Delhi Court Postpones Verdict in Muzaffarpur Shelter Home Case till December
File photo of Brajesh Thakur, the main accused in the Muzaffarpur shelter home case. (PTI Photo)
The case was transferred from Bihar to Saket court in Delhi by the Supreme Court in February this year after the apex court said it had had 'enough' following reports of slow trial in Bihar.
- Last Updated: November 14, 2019, 11:46 IST
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New Delhi: A district court in Saket postponed till December the judgment in an alleged case of sexual and physical assault on several girls at a shelter home in Bihar’s Muzaffarpur. The accused in the case, which include some high-profile names like Bihar People’s Party (BPP) MLA Brajesh Thakur and Bihar Social Welfare minister and the then JD(U) leader Manju Verma, have been charged with criminal conspiracy to commit rape and penetrative sexual assault.
The case was transferred from Bihar to Saket court in Delhi by the Supreme Court in February this year after the apex court said it had had "enough" following reports of slow trial in Bihar. The court directed that the trial should be completed in six months and no extension of time should be sought.
“Enough is enough, give us details of the 110 shelter homes in the state. How many inmates are there? How is the state giving assistance and what is the number of male and female inmates?” Ranjan Gogoi, Chief Justice of India, had said.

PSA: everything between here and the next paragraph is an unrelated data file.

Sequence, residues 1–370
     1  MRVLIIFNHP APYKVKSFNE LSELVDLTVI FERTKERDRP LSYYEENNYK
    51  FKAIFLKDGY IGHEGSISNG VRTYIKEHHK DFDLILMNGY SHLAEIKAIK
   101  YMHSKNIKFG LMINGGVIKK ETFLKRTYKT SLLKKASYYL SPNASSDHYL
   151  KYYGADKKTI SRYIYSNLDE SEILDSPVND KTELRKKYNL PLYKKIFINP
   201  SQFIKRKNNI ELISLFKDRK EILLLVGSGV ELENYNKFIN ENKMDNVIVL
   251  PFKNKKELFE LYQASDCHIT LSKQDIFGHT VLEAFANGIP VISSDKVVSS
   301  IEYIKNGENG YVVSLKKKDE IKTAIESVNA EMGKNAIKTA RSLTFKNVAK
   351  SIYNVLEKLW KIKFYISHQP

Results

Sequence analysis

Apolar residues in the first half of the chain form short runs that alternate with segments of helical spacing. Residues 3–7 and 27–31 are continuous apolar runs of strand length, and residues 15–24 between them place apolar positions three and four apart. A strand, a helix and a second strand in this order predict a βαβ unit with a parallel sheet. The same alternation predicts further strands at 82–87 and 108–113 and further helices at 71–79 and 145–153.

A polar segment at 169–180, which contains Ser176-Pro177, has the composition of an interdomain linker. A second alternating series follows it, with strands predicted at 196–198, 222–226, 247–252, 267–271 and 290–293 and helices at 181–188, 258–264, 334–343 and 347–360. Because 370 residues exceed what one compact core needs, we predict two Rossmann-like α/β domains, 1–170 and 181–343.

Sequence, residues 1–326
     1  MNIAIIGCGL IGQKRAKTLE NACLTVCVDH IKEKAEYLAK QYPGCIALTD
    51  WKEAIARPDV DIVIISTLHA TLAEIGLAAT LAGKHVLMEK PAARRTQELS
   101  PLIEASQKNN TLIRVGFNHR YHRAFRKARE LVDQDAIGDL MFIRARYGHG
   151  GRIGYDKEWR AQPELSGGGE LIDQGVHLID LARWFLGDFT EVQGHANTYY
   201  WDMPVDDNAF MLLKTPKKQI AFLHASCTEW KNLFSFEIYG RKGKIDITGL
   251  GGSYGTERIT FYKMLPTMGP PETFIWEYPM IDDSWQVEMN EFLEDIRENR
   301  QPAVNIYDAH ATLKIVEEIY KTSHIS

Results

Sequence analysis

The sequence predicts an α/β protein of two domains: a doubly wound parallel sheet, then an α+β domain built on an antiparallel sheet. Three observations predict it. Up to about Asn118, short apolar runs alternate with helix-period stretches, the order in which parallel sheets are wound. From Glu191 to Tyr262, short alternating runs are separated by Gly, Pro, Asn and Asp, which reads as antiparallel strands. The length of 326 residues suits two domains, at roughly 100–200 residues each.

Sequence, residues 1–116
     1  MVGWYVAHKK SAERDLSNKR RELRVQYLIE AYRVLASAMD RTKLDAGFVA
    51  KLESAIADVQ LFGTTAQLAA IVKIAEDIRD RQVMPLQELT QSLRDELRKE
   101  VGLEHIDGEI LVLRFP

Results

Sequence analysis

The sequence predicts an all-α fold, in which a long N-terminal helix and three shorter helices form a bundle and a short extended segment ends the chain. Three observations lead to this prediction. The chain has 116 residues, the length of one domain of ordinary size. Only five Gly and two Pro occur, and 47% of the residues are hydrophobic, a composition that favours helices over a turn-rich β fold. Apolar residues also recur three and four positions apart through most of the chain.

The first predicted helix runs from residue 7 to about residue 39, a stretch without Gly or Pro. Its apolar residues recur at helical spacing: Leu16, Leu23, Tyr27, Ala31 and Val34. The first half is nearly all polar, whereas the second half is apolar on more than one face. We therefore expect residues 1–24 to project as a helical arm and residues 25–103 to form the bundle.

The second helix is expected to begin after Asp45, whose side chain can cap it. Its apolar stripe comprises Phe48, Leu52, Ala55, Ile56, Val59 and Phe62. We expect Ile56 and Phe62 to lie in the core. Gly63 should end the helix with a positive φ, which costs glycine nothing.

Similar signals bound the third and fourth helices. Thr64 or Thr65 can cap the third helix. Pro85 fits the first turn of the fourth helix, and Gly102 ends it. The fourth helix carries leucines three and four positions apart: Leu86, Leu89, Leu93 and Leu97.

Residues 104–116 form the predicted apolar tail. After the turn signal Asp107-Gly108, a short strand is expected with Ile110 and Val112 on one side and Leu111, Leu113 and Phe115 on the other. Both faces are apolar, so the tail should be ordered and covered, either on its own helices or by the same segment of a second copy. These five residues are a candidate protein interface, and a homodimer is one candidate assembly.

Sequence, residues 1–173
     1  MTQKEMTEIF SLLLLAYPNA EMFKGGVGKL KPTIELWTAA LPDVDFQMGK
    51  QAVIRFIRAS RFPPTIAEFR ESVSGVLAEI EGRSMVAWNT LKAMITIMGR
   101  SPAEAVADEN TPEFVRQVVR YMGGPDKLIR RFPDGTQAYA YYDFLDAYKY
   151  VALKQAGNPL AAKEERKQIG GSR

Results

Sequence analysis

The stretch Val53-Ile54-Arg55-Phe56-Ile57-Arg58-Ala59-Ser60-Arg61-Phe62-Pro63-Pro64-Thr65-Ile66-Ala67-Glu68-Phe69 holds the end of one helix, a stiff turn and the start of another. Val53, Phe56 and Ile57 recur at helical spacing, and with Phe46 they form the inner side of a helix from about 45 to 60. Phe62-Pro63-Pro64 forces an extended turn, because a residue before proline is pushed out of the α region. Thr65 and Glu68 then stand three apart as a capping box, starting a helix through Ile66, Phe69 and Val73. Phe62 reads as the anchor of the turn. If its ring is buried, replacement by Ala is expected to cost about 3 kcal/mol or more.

An audit of the shelter homes was ordered by the state’s welfare department exposed systematic and institutionalised sexual abuse of children, particularly of girls lodged at the NGO Seva Sankalp Evam Vikas Samiti.
Of the 42 girls lodged at this shelter home run by Thakur — a man with political clout who has since been arrested — 34 girls were found to have been sexually abused. The CBI, which later took over the case from the local police, found that five girls had also been murdered in this shelter house. One girl, who is rumoured to have refused to be raped, was allegedly bludgeoned to death in front of the other inmates as a warning.
According to a national daily, in a ‘supervision report’ filed by the town DSP, the accused Brajesh Thakur “ran a sex racket and supplied girls to officials to get tenders” for government projects.
Seva Sankalp was the worst but not the only one of its kind. Several other cases of shelter homes, where people in power routinely traumatised children they were in charge of, were revealed based on the audit report commissioned by Atul Prasad, principal secretary in Bihar’s social welfare department.
Earlier, the court had framed various charges, including criminal conspiracy to commit rape and sexual assault, against the accused.
The gruesome incident came to light after the Tata Institute of Social Sciences (TISS) filed an affidavit detailing horrifying sexual abuse cases at the shelter homes in 2017.
In December last year, the Central Bureau of Investigation (CBI) had filed a chargesheet against 21 accused in the case. The Supreme Court had earlier transferred the case from Bihar to the court and ordered the judge to complete it within six months. Trial court then framed charges against 21 accused in the case.
In February, the Supreme Court slammed the Bihar government over incomplete information of the status of shelter homes in the state and transferred the trial to Saket court in Delhi. The court said the trial should be completed in six months and no extension of time should be sought.